Using viruses to introduce genes that are known to control pluripotency (i.e. embryonic state) of cells some Harvard researchers managed to take skin cells from a women suffering from Amyotrophic Lateral Sclerosis (ALS - Lou Gehrig's disease) and make them into first stem cells and then neurons.
Cambridge, MA, July 31, 2008 - Less than 27 months after announcing that he had institutional permission to attempt the creation of patient and disease-specific stem cell lines, Harvard Stem Cell Institute (HSCI) Principal Faculty member Kevin Eggan today proclaimed the effort a success - though politically imposed restrictions and scientific advances prompted him to use a different technique than originally planned.
The breakthrough by Eggan and colleagues at Harvard and Columbia University marks the first time scientists are known to have produced human stem cell lines coaxed from the cells of adult patients suffering from a genetically-based disease. The affected patients had Amyotrophic Lateral Sclerosis (ALS), commonly known as Lou Gehrig's disease.
The ability to induce pluripotency on demand is impressive. The research into what causes cells to be embryonic stem cells and to be other kinds of stem cells is beginning to bear fruit. As scientists learn more about the internal genetic state of cells they will find easier and safer ways to control cell state and to produce therapies for almost all diseases.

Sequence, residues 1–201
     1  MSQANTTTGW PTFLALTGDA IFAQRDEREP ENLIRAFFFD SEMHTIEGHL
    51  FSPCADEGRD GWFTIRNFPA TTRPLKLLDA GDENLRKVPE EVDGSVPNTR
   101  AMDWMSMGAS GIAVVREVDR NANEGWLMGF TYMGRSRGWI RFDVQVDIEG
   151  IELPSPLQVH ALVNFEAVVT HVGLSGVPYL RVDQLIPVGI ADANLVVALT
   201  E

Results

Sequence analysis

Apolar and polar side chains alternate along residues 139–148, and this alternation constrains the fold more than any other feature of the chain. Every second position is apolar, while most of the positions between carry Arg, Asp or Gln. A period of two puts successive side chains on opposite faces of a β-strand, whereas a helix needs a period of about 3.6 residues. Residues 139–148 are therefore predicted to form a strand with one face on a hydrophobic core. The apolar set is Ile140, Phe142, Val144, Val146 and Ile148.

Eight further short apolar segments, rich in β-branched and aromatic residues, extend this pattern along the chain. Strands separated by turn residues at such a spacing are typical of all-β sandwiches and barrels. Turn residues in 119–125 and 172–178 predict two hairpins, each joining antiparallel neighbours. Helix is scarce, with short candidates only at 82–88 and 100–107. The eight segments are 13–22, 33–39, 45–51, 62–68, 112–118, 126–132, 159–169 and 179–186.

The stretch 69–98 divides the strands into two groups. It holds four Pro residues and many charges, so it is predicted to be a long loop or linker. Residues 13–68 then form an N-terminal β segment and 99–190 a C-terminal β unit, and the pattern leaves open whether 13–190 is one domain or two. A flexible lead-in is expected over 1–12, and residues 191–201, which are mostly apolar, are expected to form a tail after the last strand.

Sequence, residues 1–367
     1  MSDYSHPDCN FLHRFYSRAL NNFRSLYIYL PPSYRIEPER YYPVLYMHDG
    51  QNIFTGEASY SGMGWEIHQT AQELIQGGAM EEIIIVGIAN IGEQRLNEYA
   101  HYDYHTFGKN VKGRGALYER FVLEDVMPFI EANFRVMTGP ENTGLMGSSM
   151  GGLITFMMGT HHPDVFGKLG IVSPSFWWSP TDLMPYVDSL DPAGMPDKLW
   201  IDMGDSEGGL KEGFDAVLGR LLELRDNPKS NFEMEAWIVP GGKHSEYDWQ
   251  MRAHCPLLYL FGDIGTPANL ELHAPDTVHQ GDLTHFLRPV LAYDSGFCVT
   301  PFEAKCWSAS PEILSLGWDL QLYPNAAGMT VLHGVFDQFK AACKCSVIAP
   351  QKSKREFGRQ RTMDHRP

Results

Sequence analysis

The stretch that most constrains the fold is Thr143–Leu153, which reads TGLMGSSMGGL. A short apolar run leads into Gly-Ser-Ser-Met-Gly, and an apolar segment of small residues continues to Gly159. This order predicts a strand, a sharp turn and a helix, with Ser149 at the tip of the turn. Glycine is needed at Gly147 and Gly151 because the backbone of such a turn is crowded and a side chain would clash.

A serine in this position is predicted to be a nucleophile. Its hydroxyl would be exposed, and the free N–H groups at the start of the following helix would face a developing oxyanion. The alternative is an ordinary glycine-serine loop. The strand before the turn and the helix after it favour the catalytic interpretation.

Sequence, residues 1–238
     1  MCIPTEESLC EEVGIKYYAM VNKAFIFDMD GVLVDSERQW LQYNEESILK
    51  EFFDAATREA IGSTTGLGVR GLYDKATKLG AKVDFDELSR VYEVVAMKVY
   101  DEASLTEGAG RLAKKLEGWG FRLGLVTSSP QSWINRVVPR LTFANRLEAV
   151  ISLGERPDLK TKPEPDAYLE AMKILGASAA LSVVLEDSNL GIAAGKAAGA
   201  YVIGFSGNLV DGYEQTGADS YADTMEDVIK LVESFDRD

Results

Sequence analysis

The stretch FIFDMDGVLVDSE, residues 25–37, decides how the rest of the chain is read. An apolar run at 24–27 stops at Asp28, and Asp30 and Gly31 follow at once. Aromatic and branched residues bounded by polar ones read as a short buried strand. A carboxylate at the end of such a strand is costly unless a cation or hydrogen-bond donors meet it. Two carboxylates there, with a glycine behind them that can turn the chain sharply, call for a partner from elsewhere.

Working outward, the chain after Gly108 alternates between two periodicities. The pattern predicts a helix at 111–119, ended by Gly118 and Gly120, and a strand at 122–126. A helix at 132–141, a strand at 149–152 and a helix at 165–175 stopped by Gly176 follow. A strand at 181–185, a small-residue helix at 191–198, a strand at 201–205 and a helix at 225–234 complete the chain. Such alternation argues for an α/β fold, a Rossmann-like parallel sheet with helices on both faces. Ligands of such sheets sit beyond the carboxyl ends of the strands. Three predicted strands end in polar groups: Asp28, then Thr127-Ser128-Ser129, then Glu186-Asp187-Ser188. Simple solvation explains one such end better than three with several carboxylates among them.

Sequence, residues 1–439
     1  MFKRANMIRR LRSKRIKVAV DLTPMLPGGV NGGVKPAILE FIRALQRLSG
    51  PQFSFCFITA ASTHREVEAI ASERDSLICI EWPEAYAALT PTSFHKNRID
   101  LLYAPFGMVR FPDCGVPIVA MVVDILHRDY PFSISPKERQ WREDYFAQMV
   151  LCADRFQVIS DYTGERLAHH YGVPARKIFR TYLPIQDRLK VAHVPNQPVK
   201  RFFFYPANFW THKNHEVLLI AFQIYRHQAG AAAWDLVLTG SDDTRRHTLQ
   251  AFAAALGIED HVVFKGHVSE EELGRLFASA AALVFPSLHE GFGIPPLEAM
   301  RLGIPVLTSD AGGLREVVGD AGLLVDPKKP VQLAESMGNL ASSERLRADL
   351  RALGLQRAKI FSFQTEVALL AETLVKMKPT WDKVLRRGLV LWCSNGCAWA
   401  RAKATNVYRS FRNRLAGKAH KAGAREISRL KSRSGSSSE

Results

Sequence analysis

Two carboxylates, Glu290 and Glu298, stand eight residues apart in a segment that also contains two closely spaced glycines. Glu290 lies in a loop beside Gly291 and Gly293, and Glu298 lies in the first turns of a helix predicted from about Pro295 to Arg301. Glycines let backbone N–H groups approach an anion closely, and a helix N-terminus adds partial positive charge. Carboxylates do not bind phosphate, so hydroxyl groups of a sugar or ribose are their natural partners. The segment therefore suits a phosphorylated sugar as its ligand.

The initial intent is to use these cells to study ALS. The longer term intent is to create neural stem cells that could be used to repair brains that are decaying due to ALS.
The work, published in today's on-line edition of the journal Science, provides "proof of concept" for the belief of scientists and fervent hope of patients that in the not-too-distant future it may be possible to treat patients suffering from chronic diseases with stem cell-based treatments created from their own adult cells. However, Eggan believes that the first therapeutic use of these newly derived stem cells will in fact be to use them to study the root cause of this disease and to screen for drugs that may provide benefit in patients.
This method does not currently produce cells that are safe to use in therapy. The viruses are a rather blunt instrument for introducing genes into cells and the cells run the risk of becoming cancerous. We need improved ways to do gene therapy and to regulate the epigenetic state of cells. That will all come with time. But the faster it comes the more likely you won't die from some disease before rejuvenation therapies become available.
"This is a seminal discovery," said Valerie Estess, director of research for Project A.L.S. "The ability to derive ALS motor neurons through a simple skin biopsy opens the doors to improved drug discovery. For the first time, researchers will be able to look at ALS cells under a microscope and see why they die. If we can figure out how a person's motor neurons die, we will figure out how to save motor neurons."
|Share |||Randall Parker, 2008 July 31 11:35 PM Brain Stem Cells|